Tensions between Washington and Hamid Karzai continued to simmer yesterday after the White House hinted that an invitation for him to visit President Barack Obama in May could be in jeopardy because of remarks the Afghan leader has made castigating the West for its actions in his country.
"We certainly would evaluate whatever continued or further remarks President Karzai makes, as to whether that's constructive to have such a meeting," White House press secretary Robert Gibbs told reporters on Tuesday.
Western diplomats thought it most unlikely that the invitation would be withdrawn. Nonetheless, there has been no hiding the dismay felt by the US since Mr Karzai first began lashing out at the US and its allies within hours of Mr Obama returning home after a surprise visit to Kabul.
Mr Karzai suggested that outside powers had been responsible for the vote-rigging that almost derailed his re-election last year. Two Afghan election officials who oversaw the poll said yesterday they were standing down.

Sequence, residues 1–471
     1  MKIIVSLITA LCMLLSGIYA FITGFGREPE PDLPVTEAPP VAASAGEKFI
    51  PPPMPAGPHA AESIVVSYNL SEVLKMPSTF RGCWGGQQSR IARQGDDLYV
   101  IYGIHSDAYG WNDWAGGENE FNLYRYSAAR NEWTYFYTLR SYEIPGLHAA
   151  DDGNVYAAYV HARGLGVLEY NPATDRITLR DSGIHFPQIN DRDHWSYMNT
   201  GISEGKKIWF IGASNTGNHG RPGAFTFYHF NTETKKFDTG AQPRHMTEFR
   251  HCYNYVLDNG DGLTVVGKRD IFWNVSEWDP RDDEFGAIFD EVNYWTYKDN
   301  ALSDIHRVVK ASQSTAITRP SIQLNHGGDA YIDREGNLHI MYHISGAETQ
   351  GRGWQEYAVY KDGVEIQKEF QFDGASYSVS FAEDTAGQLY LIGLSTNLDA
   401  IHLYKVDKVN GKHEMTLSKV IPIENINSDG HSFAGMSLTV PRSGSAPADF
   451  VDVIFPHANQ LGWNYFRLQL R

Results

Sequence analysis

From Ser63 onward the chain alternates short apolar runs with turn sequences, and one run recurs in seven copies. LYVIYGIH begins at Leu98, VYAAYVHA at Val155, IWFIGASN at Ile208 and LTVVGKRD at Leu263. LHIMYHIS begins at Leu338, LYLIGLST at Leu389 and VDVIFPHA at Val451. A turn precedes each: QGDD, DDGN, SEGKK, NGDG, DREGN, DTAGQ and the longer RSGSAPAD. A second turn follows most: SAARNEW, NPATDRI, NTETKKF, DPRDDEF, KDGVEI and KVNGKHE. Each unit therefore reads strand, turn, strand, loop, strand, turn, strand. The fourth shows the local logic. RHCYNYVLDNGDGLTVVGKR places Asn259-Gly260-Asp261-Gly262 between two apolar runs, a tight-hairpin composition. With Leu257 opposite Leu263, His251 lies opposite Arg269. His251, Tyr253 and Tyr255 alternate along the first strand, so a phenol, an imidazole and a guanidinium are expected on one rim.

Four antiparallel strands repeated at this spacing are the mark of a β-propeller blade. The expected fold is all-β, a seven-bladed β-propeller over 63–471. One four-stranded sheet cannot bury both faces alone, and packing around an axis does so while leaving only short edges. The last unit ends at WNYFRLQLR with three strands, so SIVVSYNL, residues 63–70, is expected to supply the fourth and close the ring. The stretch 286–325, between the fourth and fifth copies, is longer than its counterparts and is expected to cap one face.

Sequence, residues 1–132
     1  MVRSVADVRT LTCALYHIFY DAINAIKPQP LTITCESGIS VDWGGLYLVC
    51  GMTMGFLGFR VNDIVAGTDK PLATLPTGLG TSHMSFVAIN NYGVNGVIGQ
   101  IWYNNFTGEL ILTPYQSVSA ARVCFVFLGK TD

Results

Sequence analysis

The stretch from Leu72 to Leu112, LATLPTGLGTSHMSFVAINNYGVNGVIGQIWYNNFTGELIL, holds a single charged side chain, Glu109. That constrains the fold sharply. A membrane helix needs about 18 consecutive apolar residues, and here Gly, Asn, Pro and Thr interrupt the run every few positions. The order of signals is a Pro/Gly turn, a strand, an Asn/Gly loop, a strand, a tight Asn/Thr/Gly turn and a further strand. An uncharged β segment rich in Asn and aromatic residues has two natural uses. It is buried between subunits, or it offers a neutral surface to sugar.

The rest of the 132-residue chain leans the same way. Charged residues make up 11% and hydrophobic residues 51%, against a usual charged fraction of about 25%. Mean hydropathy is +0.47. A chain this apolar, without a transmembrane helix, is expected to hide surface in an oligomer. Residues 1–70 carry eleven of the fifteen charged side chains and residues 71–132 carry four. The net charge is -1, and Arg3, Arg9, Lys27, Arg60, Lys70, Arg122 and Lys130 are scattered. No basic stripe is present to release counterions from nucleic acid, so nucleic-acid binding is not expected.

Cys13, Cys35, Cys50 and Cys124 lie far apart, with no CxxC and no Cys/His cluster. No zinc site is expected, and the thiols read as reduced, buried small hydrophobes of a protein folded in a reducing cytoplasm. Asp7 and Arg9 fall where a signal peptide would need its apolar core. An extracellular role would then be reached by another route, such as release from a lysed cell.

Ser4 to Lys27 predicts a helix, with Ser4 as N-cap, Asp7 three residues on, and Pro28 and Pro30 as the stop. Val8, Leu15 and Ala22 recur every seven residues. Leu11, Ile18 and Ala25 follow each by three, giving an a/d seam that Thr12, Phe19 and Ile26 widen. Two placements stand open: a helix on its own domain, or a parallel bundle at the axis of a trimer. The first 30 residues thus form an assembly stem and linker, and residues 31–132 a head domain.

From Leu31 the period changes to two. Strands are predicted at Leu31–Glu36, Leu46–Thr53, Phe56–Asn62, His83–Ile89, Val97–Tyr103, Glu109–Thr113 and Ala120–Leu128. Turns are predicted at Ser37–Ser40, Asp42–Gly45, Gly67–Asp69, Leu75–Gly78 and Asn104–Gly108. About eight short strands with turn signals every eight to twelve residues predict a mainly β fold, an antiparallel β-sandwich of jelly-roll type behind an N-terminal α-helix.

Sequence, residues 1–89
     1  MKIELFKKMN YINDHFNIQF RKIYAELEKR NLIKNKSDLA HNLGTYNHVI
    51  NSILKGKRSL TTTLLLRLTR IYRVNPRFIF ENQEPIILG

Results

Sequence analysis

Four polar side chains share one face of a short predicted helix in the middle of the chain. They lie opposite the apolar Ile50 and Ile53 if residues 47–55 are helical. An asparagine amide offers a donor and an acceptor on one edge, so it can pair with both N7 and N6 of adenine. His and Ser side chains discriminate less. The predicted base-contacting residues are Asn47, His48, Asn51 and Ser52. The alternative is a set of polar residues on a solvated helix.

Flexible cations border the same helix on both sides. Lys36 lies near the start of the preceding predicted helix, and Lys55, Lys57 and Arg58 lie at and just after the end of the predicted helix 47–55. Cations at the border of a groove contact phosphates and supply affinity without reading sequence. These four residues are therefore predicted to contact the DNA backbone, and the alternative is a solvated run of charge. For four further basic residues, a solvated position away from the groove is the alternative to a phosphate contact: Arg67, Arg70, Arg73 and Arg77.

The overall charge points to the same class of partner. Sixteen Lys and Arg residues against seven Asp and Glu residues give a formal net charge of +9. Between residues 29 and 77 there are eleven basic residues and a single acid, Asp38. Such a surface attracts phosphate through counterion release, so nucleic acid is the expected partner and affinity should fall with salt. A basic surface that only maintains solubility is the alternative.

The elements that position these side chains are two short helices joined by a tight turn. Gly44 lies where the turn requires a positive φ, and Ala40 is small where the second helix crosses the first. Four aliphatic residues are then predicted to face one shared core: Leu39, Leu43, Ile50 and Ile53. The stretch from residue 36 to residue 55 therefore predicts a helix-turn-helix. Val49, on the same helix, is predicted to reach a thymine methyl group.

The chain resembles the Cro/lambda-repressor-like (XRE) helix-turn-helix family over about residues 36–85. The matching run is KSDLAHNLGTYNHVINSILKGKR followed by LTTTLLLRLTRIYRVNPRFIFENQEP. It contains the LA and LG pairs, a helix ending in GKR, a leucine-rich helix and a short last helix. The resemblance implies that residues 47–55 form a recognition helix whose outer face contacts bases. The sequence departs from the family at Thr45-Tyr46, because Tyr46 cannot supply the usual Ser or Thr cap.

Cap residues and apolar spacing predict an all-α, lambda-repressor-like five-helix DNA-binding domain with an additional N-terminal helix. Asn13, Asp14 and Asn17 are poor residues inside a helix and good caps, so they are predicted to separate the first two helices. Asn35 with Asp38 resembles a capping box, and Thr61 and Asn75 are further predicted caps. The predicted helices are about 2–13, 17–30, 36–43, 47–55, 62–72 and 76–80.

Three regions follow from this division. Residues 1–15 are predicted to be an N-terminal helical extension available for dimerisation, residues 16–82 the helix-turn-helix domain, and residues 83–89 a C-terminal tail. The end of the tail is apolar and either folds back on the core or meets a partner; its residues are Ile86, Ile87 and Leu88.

The atmosphere between Washington and Kabul was hardly improved when a former deputy UN envoy to Kabul, Peter Galbraith, openly questioned the mental stability of Mr Karzai during an interview with the US cable news channel, MSNBC, and went so far as to insinuate that he might abuse drugs.
"He's prone to tirades, he can be very emotional, act impulsively," Mr Galbraith said. "In fact some of the palace insiders say that he has a certain fondness for some of Afghanistan's most profitable exports."